Tag Archives: Académie française

to busk

    MEANING   to perform music or some other entertainment in the street or other public place for voluntary donations     ORIGIN   To busk is from the obsolete French verb busquer, thus defined by Randle Cotgrave in A Dictionarie of the French and English Tongues (1611): Busquer. To shift, filtch; prowle, catch […]

Continue Reading

to have one’s work cut out

    MEANING   to be faced with a hard or lengthy task     ORIGIN   This phrase is supposedly a metaphorical allusion to the preparation of fabric to be worked on: once the shapes have been cut out, the tailor still has a lot of sewing to do, by hand in the past, […]

Continue Reading
cordon bleu

cordon bleu

  cross and blue ribbon of the order of the Holy Ghost (18th century) photograph: Réunion des Musées Nationaux – Grand Palais       The French noun cordon denotes a ribbon, usually worn scarf-wise, as part of the insignia of a knightly order. The cordon bleu (the blue ribbon) was the sky-blue ribbon worn by […]

Continue Reading
touchstone

touchstone

  goldsmith’s touchstone carved with initials HB and the date 1642 photograph: Finch & Cº – Antiques & Works of Art     Touche stone to prove golde with John Palsgrave – Lesclarcissement de la langue francoyse (1530)       MEANING   A touchstone is a standard or criterion by which something is judged […]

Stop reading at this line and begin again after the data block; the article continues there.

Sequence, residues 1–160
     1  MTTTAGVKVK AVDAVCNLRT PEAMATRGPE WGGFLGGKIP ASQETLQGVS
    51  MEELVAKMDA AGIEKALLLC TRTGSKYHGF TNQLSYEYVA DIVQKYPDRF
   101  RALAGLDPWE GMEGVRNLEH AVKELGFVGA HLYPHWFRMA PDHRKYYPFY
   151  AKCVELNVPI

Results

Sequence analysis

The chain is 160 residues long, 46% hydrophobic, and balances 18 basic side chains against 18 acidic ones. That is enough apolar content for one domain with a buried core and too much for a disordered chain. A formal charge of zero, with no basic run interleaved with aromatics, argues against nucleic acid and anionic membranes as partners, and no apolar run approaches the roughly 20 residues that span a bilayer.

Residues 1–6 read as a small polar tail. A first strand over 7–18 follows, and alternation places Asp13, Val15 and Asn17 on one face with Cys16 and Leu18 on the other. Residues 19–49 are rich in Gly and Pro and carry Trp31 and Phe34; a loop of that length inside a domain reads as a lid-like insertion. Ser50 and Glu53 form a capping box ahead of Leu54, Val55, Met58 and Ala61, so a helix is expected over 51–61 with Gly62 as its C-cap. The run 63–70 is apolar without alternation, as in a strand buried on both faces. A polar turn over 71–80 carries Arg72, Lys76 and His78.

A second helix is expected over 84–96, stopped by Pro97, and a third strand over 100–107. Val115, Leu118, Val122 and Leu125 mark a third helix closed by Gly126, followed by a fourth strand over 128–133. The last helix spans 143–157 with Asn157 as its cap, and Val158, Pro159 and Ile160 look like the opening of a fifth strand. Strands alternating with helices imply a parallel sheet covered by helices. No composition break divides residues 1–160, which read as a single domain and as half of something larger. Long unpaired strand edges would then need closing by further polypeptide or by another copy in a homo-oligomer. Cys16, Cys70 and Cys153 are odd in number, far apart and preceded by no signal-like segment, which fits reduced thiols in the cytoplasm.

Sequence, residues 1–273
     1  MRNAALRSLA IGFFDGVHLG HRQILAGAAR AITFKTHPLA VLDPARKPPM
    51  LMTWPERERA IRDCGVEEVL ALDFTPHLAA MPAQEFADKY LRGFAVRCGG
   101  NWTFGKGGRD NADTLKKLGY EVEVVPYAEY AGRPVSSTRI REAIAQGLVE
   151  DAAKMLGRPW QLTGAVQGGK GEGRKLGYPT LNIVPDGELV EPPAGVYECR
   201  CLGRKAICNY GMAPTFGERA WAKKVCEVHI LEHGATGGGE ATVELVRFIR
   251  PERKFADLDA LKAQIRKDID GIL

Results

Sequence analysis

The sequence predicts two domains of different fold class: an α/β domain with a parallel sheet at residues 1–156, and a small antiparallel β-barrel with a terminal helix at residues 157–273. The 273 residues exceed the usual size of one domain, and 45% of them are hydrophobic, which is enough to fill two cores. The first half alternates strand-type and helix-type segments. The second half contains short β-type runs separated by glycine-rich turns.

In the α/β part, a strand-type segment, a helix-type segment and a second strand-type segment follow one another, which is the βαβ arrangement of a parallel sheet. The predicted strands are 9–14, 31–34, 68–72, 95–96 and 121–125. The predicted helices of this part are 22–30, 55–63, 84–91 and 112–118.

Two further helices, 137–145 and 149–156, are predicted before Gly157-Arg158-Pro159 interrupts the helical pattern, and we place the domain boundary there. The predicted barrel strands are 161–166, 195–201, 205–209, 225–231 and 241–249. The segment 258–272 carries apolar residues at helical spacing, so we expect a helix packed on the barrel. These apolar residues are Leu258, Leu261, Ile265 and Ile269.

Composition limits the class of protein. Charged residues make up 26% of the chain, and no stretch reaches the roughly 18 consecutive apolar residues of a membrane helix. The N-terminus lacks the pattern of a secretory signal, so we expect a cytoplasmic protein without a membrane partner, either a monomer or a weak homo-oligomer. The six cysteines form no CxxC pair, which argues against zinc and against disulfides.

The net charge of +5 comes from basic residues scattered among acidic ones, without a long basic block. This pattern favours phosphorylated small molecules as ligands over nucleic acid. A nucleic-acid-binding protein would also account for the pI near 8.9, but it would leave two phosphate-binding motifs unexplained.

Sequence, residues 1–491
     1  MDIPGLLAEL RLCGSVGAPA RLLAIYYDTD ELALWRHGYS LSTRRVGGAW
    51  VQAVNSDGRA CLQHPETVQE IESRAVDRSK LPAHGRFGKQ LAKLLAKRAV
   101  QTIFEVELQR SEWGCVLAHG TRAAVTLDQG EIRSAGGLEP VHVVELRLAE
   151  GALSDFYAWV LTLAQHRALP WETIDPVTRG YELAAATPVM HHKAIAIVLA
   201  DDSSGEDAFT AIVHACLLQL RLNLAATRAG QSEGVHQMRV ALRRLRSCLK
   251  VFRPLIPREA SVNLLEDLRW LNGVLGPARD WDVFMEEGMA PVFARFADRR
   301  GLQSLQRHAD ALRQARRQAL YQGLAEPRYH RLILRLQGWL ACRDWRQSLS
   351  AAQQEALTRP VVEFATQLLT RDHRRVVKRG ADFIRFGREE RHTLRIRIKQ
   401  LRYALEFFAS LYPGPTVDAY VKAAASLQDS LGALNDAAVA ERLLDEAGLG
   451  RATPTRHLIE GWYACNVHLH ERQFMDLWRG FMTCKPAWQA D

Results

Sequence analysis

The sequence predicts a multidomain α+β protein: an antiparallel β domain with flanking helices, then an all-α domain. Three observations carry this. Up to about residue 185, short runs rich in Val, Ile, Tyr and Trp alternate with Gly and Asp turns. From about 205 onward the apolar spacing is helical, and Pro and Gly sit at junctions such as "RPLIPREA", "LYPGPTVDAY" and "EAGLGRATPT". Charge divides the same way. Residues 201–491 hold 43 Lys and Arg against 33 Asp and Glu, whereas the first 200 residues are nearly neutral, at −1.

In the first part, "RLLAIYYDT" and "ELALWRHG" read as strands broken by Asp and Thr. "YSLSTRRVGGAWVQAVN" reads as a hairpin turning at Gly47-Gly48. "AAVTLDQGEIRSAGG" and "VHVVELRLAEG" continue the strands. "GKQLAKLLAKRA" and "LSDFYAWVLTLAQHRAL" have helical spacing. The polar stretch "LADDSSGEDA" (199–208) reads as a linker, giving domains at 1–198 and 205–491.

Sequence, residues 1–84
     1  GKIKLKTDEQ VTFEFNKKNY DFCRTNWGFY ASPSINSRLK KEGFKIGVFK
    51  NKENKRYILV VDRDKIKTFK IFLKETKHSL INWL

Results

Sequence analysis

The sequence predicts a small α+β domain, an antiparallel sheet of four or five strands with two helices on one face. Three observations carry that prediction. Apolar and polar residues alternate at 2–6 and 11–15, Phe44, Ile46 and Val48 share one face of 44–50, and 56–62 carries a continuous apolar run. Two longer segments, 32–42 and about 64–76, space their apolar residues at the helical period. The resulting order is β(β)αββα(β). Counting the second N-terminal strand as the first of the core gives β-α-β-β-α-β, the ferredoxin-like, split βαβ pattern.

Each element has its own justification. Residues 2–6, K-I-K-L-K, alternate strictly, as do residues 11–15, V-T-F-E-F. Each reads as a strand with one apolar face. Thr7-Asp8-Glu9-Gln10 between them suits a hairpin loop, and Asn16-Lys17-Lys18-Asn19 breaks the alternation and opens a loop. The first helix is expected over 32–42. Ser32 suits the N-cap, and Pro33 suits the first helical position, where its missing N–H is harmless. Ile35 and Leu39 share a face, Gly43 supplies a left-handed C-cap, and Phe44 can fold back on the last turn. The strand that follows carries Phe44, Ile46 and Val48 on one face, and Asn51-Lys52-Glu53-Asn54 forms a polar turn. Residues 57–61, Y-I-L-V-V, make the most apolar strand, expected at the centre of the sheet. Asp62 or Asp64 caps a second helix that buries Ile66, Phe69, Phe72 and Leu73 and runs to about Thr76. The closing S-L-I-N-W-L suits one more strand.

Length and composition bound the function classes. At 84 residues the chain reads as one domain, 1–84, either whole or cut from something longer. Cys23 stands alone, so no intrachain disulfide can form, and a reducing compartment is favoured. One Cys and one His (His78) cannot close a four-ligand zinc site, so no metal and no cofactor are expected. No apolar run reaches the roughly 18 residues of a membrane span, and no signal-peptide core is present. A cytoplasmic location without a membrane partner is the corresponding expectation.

Continue Reading
by rote

by rote

  At school in the year 2000 From a series of futuristic pictures, by Jean-Marc Côté and other artists, first produced for the 1900 World Exhibition in Paris     Dating back to the early 14th century, the word rote means mechanical or habitual repetition of something to be learned.   The phrase by rote […]

Continue Reading
Trench talk

Trench talk

       The following article was published in the American Everybody’s Magazine of January 1918.   Trench Talk Some Characteristic Slang Creations of the Soldiers War is rich in new speech — so rich that in France, learned members of the French Academy have already begun to recognize, collect, and try to analyze some […]

Continue Reading
mum’s the word

mum’s the word

    Be like Dad – Keep Mum! Careless talk costs lives! a 1940-42 British poster (source: East Carolina University - http://digital.lib.ecu.edu/10976)           To keep mum is to remain silent, especially so as not to reveal a secret. And mum’s the word, as a request or warning, means say nothing; do not […]

Continue Reading
nabob

nabob

      Asaf-ud-dowlah, a Mogul nawab, listening to musicians in his court – 1812       A nabob is a person of conspicuous wealth or high status.   The word is from Hindi nawwāb, nabāb, viceroy, governor, itself from Arabic nuwwāb, plural of na’ib, meaning lieutenant, representative, replacement.   This Arabic na’ib is […]

Continue Reading
point-blank – de but en blanc

point-blank – de but en blanc

  Gunner’s quadrant Quadrant consisting of two arms of unequal length joined at a right angle and fitted with a graduated arc. At the vertex of the right angle is suspended a plumb bob that shows the degrees on the graduated arc. It was typically used to measure the elevation of artillery pieces, by inserting […]

Continue Reading
‘nice’

‘nice’

  It seems hardly possible to explain the modern sense of nice, which in the course of its history has traversed nearly the whole diatonic scale between “rotten” and “ripping.” In Middle English and Old French it means foolish. Cotgrave explains it by “lither, lazie, sloathful, idle; faint, slack; dull, simple,” and Shakespeare uses it […]

Continue Reading

Unblog.fr | Créer un blog | Annuaire | Signaler un abus